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Arizona Refuses to Name Care Facilities with COVID-19 Outbreaks

Despite a state-backed "testing blitz" each weekend in May, Arizona still ranks near the bottom among states for its per-capita coronavirus testing rate. (Zstock/Adobe Stock)
Despite a state-backed "testing blitz" each weekend in May, Arizona still ranks near the bottom among states for its per-capita coronavirus testing rate. (Zstock/Adobe Stock)
May 19, 2020

TUCSON, Ariz. -- Despite calls for more transparency over COVID-19 outbreaks in long-term care facilities, Arizona officials are refusing to release details of those establishments.

AARP Arizona and others have called on the state to name facilities with significant coronavirus outbreaks and deaths.

The Arizona Department of Health Services cited privacy laws, but several news-media outlets are suing the state, arguing the information is public.

AARP Arizona State Director Dana Kennedy said the response to outbreaks has been much too slow, causing unnecessary deaths.

"We can't hit the reset button, but testing dollars need to go to our long-term care facilities immediately," Kennedy said. "That means long-term care, skilled nursing facilities, assisted living facilities, group homes, anywhere that there is congregate housing."

As of Monday, there were more than 14,000 coronavirus cases in Arizona, with 686 deaths. Statewide, 86% of those deaths were in the vulnerable 65+ age group. And in metro Phoenix, 188 of 233 virus-rated deaths were residents of care facilities.

Retiree and Tucson resident Jeannie Tucker recently brought her 97-year-old mother home from a long-term care facility. A long-time advocate for senior rights, Tucker said even before the pandemic, facilities were often understaffed, had poor training and failed to provide proper sanitation. She said since the COVID-19 crisis began, things have gotten worse.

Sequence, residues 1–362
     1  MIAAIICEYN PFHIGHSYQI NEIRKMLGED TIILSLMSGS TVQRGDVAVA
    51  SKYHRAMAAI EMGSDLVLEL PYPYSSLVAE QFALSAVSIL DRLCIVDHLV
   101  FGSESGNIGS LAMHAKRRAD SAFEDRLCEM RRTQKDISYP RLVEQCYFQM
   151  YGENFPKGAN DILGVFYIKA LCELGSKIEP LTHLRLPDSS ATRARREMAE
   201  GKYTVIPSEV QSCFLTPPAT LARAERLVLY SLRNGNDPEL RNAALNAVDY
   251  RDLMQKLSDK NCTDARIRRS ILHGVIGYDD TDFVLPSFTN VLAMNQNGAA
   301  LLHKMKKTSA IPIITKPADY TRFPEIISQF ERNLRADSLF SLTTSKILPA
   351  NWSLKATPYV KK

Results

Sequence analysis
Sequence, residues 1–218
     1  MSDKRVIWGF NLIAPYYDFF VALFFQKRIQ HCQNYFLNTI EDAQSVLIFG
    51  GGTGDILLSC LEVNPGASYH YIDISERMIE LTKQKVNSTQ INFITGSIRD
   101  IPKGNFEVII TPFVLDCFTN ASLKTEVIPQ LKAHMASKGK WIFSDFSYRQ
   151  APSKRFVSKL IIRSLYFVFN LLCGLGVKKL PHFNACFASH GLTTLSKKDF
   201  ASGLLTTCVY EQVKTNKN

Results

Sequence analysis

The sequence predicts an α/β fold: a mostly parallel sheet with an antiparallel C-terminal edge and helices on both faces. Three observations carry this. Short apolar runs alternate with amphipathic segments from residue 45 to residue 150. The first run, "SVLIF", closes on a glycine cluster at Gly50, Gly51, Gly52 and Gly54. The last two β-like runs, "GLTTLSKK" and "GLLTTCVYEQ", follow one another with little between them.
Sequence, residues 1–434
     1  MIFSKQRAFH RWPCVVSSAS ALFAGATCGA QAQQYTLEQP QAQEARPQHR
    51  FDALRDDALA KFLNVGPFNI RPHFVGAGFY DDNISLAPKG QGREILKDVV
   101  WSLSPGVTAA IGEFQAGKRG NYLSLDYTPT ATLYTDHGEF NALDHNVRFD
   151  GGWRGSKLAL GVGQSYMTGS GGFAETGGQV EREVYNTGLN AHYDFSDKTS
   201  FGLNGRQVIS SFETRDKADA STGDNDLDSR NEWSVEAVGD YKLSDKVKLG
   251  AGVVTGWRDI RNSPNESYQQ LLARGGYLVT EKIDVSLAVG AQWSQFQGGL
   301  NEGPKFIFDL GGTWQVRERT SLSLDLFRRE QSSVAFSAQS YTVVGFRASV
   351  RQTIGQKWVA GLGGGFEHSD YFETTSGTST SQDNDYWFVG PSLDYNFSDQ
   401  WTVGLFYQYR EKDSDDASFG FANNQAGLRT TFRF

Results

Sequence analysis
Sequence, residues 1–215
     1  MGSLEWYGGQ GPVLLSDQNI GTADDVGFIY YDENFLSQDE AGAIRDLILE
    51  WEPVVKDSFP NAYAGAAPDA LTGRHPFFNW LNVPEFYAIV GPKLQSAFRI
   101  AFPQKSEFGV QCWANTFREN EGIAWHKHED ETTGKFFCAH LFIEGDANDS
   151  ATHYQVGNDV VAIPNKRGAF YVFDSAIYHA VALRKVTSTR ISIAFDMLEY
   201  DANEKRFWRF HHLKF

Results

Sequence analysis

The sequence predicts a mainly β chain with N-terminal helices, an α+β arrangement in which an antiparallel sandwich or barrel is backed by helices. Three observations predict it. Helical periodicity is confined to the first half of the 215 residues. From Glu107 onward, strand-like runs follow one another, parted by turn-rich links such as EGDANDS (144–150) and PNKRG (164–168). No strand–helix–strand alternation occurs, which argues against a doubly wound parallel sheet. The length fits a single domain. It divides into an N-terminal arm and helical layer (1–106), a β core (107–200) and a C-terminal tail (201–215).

"The state is not providing me with the information that I can then turn around and make those decisions with," Tucker said. "That's not OK. That, to me, is almost a breach of our contract, to where if I'm going to do my job, you have to give me information for which I can do that job."

Tucker said when care homes go into lockdown, families often are shut off from information about their loved ones.

"I'm so offended, angered and disappointed in more words than I can name at the state of Arizona Department of Health Services and the governor for not being transparent with the information of who has infection, how many, what facility, whether it's staff or residents and all of that," she said.

State health officials declared a COVID-19 "testing blitz" across Arizona during May, with an emphasis on testing staff and residents at the state's 147 nursing care facilities. However, a national survey out Monday showed Arizona 49th among the 50 states for the number of tests performed.

Disclosure: AARP Arizona contributes to our fund for reporting on Budget Policy & Priorities, Consumer Issues, Health Issues, Senior Issues. If you would like to help support news in the public interest, click here.
Mark Richardson, Public News Service - AZ